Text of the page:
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It is not just in the Arnold Schwarzenegger film True Lies, or in most James Bond stories, that the effects of commercial and industrial espionage can be seen. It has had real life effects on people, prosperity and the very survival of companies. Whoever has ownership of information, ideas and intellectual properties also has the power to dictate direction, and wield great power. The end result being that a companies very existence, can hang in the balance. Espionage is now used to gain the advantage and the most common targets are the computer and automobile sectors.
Espionage involves the use of any means, many very high tech, to acquire information that can keep someone else from having a competitive advantage. Ex-military types or former government agents, who are trained in the art of intelligence gathering techniques, are usually employed. The ideal situation is for the legitimate holder to not know that the intellectual property has been removed, so that a competitor can deploy strategy and counter measures to blunt any advantage that has been held and be in a position to gain an advantage him or herself. Many times it is a foot race to see who can bring innovations to market first.
With the stakes being so high, there is an inherent risk to divulge some of the actual experiences that I have had and the techniques that we have deployed. I freely choose to now share this with a few close friends. Not only how we did it, but also to what degree, was my involvement. I know that they are still asking “how did they do that”?
We used the “Glass” method.
Many years ago, as I entered the corporate workplace, there was a lot that I didn’t know. An early one was that not all offices are created equal. The one that Tim had was given only to the senior salesman. It was one of the few located on the showroom floor. It was between the fleet manager and the sales managers office. It was also back-to-back with the owner’s office. I would find out later that this was its best quality.
Tim always kept a glass on the table in his office. Whenever there was a meeting in the owner’s office, Tim would actually hold the glass up to the wall and listen. Tim of course would dispense and edit information as he saw fit. We all thought it was great to know all of the company plans. We never knew exactly how much of it was Tim’s editorial, anyway it made us think we were in control. The owner used to get mad at the managers and accuse them of leaking information to the sales force. Management was always amazed that news got to the salesmen before they had been released from their meeting. If Tim was away, it was up to another salesperson to seize the opportunity.
In a sales environment, there can be a lot of jobs dispensed that are just busy work. Keep the sales force busy and they won’t be lazy and do all of the bad things that they normally do. Cold calling was always one of management’s great “keep busy activities”. I really enjoy meeting people face to face. I am more than capable on the phone, both incoming and outgoing. But the one thing I hated to do was to write letters to people. I couldn’t imagine anyone wanting to read anything I wrote. (How ironic)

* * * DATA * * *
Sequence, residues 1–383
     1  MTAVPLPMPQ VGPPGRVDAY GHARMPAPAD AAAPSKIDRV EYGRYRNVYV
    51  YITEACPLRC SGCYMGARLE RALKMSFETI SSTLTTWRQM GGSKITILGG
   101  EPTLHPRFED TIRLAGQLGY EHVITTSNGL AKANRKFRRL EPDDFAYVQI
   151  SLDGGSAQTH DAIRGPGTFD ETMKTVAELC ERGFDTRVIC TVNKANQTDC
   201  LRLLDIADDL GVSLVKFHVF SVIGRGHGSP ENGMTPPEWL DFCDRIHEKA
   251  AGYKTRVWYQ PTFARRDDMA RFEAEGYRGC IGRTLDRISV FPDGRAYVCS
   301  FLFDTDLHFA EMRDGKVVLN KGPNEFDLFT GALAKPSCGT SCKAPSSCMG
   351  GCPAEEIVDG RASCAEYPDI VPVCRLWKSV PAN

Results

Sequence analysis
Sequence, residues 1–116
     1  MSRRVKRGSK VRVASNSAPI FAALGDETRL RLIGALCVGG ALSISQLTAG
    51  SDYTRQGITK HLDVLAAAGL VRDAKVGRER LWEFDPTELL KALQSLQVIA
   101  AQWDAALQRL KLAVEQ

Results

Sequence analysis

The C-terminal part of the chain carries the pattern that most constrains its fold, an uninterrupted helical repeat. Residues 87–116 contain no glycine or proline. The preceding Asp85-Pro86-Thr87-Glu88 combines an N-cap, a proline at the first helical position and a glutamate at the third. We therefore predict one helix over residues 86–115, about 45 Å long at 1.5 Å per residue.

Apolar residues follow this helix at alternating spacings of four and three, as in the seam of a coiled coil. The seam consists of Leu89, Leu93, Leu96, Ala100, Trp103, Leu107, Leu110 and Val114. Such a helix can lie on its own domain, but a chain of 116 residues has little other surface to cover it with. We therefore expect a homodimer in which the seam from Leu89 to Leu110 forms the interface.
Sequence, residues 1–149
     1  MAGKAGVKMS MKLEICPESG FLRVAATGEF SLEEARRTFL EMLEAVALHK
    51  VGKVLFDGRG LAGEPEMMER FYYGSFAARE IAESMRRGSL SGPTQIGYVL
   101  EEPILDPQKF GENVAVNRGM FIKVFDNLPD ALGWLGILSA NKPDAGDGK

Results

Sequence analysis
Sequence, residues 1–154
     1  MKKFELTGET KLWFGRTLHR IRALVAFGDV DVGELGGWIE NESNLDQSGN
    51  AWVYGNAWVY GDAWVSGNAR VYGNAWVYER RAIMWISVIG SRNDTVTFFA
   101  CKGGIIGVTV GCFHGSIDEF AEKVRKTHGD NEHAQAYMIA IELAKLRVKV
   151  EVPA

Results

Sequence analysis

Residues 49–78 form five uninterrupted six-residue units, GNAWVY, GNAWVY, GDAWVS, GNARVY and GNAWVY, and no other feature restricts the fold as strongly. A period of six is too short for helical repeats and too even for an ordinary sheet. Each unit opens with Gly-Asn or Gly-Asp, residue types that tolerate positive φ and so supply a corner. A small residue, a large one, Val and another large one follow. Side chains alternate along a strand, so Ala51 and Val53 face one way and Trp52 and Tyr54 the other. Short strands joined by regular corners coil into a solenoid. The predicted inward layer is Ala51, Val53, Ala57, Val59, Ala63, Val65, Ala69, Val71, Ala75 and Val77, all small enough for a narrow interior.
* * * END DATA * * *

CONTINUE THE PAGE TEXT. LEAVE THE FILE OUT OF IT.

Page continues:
I was one of the top-producing salesmen. I had a client base. I did a lot of the extra things around the lot that others wouldn’t do. So when the managers came out with the latest edict, I was unhappy. We were told that we had to write five letters a day, five days a week. Their idea was that a friendly personal letter would convince a customer to come buy a car. I flat out refused. I went about my day doing everything but my letters. I was asked to do letters, I was told to do letters, and I was threatened that I had better do my letters, all to no avail. I figured that I would win this war of wills. I thought that it would just go away like most other programs did.
One morning when I was off, the owner called the managers into his office. Linda, our lone female salesperson went into the sales office and grabbed the glass and listened. The tone of the meeting was heavy. Were they doing everything possible to ensure success? When the question arose about the mandatory letter campaign, it was met with the explanation that not everybody was participating. Something had to be done!
Linda immediately called me at home. “They are going to fire you today” is the first thing Linda told me. She went on to explain that they were going to make an example out of me. I knew what I had to do. I had only a short time until I was on shift. I hurriedly addressed 25 envelopes to customers. I only folded a single piece of paper in each one. In to work I went.
I walked straight up to Robert, the General Sales Manager. “Here are my letters for the week” I told him. He just glared at me for a moment. “Who told you?” was Roberts pointed question. “You did” was my reply. “NO! Who told you”? He asked again. “You did, you told me to send my letters and I am” I again replied. I could see the steam rising. One more time Robert asked, this time a little more nose to nose, “WHO TOLD YOU?” “Bob you did” I said in my most earnest tone. “You told me to write letters so I did. Is anything wrong?” I asked. I think he wanted to hit or fire me. He walked away and I went about my usual day at work. Anyway, I never got asked to write letters again.
Clandestine operations or high tech eavesdropping had nothing on a well-placed salesperson with a glass. Having co-workers willing to lookout for you is a great asset. In hindsight if I just would have done what I was told to I might have actually sold more cars. What a dumb place to take a stand and risk my job. I remember things like these when I ask our sales force to do their job. And I write.